The moderators were alerted that something was going on when they started receiving friend requests on their personal accounts from the very people and organizations they were investigating. Facebook's security team later learned that a bug had revealed the moderators' Facebook profiles within the activity logs of the groups they were looking into and shutting down.
Facebook's reaction was to put together a "task force of data scientists, community operations and security investigators," according to internal emails obtained by The Guardian. However, the bug remained in place for two weeks after it was discovered, even as Facebook's head of global investigations, Craig d'Souza, was reassuring moderators that it was unlikely the terrorists would connect these personal profiles to moderation activities.
One moderator, though, wasn't willing to take a chance. He fled Ireland, where he'd moved as a child as an asylum seeker from Iraq, unsatisfied with Facebook's offer of a home alarm system and transportation to and from work. "The punishment from Isis for working in counter-terrorism is beheading," the unnamed worker told The Guardian. "All they'd need to do is tell someone who is radical here." He's since returned to Ireland, but is now suing Facebook for psychological damage.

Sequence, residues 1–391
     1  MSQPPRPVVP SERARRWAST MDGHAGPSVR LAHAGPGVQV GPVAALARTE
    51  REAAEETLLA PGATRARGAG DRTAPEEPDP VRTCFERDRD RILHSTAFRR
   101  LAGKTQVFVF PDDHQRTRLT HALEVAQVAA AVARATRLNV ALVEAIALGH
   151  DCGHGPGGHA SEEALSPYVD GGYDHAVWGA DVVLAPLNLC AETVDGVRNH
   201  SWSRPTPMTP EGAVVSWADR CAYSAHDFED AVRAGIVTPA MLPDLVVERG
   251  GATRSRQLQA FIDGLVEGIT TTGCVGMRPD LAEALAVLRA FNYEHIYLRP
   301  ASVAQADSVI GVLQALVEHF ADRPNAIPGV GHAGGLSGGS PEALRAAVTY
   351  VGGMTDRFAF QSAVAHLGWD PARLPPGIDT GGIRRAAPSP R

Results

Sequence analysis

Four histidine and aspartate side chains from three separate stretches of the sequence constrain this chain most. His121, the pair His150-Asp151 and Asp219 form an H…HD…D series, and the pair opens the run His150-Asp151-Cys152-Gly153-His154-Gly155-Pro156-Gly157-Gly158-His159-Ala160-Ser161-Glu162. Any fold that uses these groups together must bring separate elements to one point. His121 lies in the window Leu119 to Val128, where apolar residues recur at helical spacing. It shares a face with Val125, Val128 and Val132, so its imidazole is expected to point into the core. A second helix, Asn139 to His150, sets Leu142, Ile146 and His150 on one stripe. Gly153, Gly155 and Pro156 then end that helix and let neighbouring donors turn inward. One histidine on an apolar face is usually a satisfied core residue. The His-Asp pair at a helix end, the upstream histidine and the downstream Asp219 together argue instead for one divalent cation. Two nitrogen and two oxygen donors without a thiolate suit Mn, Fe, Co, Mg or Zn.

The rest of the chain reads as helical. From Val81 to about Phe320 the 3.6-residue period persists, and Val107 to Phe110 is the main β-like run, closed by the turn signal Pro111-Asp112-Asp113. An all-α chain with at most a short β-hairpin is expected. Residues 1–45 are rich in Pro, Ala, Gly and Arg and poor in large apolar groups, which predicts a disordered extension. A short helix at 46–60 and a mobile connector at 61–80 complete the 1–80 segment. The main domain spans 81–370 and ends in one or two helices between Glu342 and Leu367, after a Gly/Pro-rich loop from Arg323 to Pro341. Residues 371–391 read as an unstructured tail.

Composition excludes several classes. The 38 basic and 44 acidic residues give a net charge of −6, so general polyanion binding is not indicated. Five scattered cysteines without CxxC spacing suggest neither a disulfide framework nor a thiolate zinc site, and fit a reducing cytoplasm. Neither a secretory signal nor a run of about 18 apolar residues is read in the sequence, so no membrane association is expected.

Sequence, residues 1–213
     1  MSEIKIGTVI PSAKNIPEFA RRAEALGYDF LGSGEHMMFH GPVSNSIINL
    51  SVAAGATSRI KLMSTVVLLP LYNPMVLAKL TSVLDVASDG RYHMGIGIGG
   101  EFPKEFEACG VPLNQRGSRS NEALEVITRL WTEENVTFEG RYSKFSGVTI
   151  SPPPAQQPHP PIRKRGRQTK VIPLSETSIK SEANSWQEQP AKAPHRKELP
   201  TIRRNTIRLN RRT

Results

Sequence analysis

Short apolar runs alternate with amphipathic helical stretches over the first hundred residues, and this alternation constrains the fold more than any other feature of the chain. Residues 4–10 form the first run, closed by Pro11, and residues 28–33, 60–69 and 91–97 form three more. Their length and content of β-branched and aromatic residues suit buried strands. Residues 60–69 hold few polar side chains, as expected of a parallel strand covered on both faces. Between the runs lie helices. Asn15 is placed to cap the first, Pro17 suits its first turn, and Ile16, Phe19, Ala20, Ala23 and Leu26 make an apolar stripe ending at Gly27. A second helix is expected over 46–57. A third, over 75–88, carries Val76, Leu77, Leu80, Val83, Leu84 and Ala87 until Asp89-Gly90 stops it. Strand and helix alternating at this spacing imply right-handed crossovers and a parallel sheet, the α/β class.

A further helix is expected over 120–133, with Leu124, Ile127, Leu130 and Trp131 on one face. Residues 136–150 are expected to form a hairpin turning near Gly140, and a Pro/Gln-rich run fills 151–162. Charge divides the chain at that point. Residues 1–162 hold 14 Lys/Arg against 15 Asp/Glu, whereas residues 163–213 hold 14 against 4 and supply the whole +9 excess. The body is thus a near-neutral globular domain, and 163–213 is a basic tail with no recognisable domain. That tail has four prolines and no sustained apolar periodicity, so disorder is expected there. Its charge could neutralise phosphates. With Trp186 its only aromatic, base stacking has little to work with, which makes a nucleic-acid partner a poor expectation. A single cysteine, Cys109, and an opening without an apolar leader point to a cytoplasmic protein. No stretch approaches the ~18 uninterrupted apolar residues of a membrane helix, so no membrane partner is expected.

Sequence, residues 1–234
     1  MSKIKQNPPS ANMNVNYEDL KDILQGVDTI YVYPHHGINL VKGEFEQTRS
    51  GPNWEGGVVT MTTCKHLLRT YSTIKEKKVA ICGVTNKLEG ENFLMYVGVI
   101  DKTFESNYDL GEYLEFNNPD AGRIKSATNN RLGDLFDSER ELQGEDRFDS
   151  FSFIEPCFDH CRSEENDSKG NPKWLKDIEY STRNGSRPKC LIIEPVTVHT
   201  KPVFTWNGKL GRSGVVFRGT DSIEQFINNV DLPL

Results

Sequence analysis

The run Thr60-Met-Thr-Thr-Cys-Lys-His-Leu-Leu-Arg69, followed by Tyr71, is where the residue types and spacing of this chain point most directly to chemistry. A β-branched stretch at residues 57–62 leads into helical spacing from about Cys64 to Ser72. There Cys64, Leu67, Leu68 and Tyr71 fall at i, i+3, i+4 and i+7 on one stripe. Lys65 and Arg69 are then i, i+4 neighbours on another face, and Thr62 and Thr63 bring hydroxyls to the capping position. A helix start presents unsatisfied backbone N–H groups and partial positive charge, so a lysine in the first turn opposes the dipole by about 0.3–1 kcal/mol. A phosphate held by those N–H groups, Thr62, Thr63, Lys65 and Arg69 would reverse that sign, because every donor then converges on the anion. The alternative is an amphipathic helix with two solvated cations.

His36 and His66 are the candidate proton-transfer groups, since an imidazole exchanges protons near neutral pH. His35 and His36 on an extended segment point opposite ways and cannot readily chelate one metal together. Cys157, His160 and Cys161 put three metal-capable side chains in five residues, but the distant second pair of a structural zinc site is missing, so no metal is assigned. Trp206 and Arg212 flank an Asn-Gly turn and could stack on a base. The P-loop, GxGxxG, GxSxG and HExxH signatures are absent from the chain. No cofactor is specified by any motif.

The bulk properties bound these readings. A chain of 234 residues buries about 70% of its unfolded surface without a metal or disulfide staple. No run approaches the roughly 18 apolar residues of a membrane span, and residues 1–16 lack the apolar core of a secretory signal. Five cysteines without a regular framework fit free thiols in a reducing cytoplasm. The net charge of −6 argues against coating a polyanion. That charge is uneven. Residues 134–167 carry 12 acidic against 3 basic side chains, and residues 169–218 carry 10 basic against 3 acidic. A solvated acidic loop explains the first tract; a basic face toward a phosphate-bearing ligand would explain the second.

News of this breach comes on the heels of Facebook's renewed commitment to counterterrorism. They recently reported on their efforts to thwart terrorism on the social network and their increasing use of AI to identify threats. The report also mentioned that they are hiring 3,000 more Community Operations workers -- workers like this unnamed Irish moderator, paid the equivalent of $15/hour to become an expert on analyzing and identifying suspected terrorist activities. It's not an easy task, to moderate social activity on a network with over 2 billion users, but protecting the privacy of those who do this unforgiving work should be at the top of Facebook's priority list.